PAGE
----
Thursday saw a series of unpleasant occurrences that breached the security of several online services used by millions of users. To be specific, the alternative Twitter client known as Tweetdeck had problems with an XSS vulnerability that caused it to go down for several hours. In addition, and totally independently to the previous attack, an orchestrated DDoS attack affected networks of the likes of Evernote, Vimeo, and Feedly. In fact, the latter, as of Thursday, has been down since Wednesday.

What happened with the XSS attack on Tweetdeck?

In this case, the problem has now been fixed, and the only effect on users, besides the outage of the client for a few hours, is that they need to log in again to use it.

An XSS attack uses an injection of malicious code normally applied to services and web apps, usually via hyperlinks or tags in JavaScript or similar languages, that spark an action whose affect you don’t know. In this case, the chain reaction was a tweet that was automatically retweeted to all your contacts, affecting thousands of accounts in a few minutes. This is the code in question:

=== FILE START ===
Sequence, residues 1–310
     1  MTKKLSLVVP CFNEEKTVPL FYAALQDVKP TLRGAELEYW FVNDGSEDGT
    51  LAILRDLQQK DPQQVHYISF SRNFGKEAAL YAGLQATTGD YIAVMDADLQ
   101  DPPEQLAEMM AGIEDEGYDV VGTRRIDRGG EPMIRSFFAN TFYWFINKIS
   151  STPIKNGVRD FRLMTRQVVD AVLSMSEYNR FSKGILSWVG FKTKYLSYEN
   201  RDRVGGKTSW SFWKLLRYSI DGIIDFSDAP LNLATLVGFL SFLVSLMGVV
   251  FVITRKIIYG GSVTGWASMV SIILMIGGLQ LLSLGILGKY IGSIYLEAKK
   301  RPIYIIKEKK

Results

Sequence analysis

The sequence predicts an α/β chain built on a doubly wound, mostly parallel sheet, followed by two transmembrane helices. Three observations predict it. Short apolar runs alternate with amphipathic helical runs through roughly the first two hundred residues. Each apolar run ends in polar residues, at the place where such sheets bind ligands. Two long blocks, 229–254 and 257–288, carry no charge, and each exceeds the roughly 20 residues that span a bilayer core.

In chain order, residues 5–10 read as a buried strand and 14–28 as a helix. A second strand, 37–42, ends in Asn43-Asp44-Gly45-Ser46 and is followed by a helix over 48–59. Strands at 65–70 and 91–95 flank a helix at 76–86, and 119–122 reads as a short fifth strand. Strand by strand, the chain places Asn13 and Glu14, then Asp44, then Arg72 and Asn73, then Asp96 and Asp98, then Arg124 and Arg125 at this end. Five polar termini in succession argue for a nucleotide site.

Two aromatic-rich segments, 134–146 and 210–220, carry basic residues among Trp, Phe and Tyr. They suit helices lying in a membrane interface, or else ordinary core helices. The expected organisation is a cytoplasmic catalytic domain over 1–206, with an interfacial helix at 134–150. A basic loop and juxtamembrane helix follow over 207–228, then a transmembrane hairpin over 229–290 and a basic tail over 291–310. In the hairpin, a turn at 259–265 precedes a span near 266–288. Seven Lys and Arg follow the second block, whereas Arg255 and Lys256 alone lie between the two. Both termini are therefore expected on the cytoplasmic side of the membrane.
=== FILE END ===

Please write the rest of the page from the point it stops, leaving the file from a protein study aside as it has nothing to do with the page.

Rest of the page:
In this case, the action done was as inoffensive as the spreading of a simple tweet, but it made clear that Tweetdeck was vulnerable to an XSS attack. The service is currently working properly and the problem has now been solved.

The DDoS attack on Feedly and other services

The official Feedly blog has been issuing frequent updates on the event. It’s suffered a denial of service (DDoS) attack on its servers by an extortionist looking for money to lift the outage. This type of activity consists of saturating a network by taking up all its bandwidth by making thousands of requests per second, causing the network to fail until measures are taken to stop it. In this case, the attack was done at a rate of 100 gigabytes per second using several action vectors located in different places around the world.

Feedly wasn’t the only victim, with many other popular services like Evernote, Meetup, Basecamp, Vimeo, and others suffered attacks. Nevertheless, except for Feedly, which should have returned to service by Friday, the rest have been completely restored without having compromised user security or data.


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